Papaya: 88% water, supply you with fiber.

Cantaloupe: 90% water, supply you with Vitamin A and C.

Yogurt: plain 85-88% water, supply you with calcium and probiotics.

Butternut Squash: 88% water, supply you with Vitamin A which is important in eye health and Vitamin C, potassium and manganese.

Iceberg Lettuce: 95% water, can use them for wraps and hamburger buns as well as in a salad.

Celery: 95% water, supply you with Vitamin A, C and K, neutralizes stomach acid as well and is a natural remedy for heartburn and acid reflux.

Radishes: 95% water, supply you with antioxidants and has a crunchy spicy/sweet flavour for different dishes/salads.

Tomatoes: 94% water, a great food for snacking especially the cherry tomatoes.

Green peppers: 94% water, the green ones are the highest in water content. Can use for snacks and pre-dinner foods as well as salads and stuffing them with rice, and other ingredients.

Cauliflower: 92% water, it also helps to lower cholesterol and fight cancer.

Spinach: 91% water, it does have a higher water content than iceberg lettuce and is rich in lutein, potassium, fiber and folate.

Broccoli: 90% water, supply you with fiber, potassium, Vitamin A and C.

Grapefruit: 90% water, watch if you are on medicine as this interferes with these.

Baby carrots: 90% water, these are more hydrating then the big ones.

Gwen Cottingham, Registered Nutritionist
905-778-9998  g.cottingham@hotmail.com

Categories Gwen's Blog

Stretch at Your Desk

These 10 stretches you can do at your desk will keep you bendy and feeling good. Like yoga … at your desk.

1. Rubber Neck
Sit up tall and drop your right  ear down towards your right shoulder (you don’t have to touch it!) and hold for a few seconds and repeat for the left side.

2. Reach for the Stars
Interlace your fingers and reach up towards the sky, as high as you can … keeping your palms facing up towards the ceiling.

3. Look Around
Turn your head the left and try and look over your shoulder and hold for a few seconds … repeat on the right.

4. Bobblehead
Drop your chin down towards your chest and GENTLY roll your head from side to side.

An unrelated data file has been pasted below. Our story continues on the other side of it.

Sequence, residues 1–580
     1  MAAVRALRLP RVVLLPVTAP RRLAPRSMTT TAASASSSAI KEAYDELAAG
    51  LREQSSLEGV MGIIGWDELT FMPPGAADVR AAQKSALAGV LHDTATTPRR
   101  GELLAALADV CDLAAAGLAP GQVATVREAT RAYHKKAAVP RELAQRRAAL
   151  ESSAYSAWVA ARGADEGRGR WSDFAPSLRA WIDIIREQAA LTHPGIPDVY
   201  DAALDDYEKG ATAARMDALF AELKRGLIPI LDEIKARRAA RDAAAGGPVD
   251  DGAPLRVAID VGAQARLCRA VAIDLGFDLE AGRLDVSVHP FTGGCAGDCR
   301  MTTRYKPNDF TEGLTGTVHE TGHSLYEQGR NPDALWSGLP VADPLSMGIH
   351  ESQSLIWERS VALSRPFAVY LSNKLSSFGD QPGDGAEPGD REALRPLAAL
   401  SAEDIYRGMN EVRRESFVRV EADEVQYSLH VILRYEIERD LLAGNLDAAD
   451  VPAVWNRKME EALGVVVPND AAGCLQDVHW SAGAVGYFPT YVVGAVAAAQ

5. Shrugs
Raise both shoulders up towards your ears and hold for a few seconds and release. Repeat a few times for good measure.

6. Chest Opener
Bring your hands behind your back, press your palms together, sit up tall and hold for 5–10 seconds.

7. Seated Toy Soldier
Sit up tall and extend your right arm all the way up towards the ceiling. Straighten your left leg out and raise it up as you bring your right arm down and try to touch your left foot. Do 8–10 on each side.

8. Knee Hugger
With a bent knee, lift your right leg up and grab it with your arms and pull it in as close to your chest as you can. Hold for 5–10 seconds and make sure and do it on the left side, too.

9. Reach and Bend
Extend your right arm over your head and reach out as far as you can to the left and gently bend over. Hold for a few seconds and do it the other way.

10. Knee Press
This one stretches out the glutes. With your right ankle on your left knee, gently press against the right knee a few times. Of course, after you’re done with the right side, be sure and give the left side some love, too.

The Twinkle Toe
Tap into your inner Fred Astaire  by speedily tapping those toes on the floor under your desk. Or graduate to a harder (and less inconspicuous) move: Stand in front of a small trashcan and lift up those legs to tap the toes on its edge, alternating feet, in soccer-drill fashion.

The Namaste
Whether you’re praying for a project extension or for more defined arms, this move has you covered. Seated upright with feet flat on the floor, bring the palms together in front of the chest and push both hands together powerfully until you feel the arm muscles contract. Hold the prayer hands pushed together for 20 seconds. Release and repeat the sequence until you feel a little more zen.

The Desk Chair Swivel
Lucky enough to have a fun swivel chair? Use its twirl to your advantage with this oblique abs fix. Sitting upright and with the feet hovering over the floor, hold the edge of your desk with your fingers and thumb. Next, use the core to swivel the chair from side to side. Swish back and forth for 15 rounds.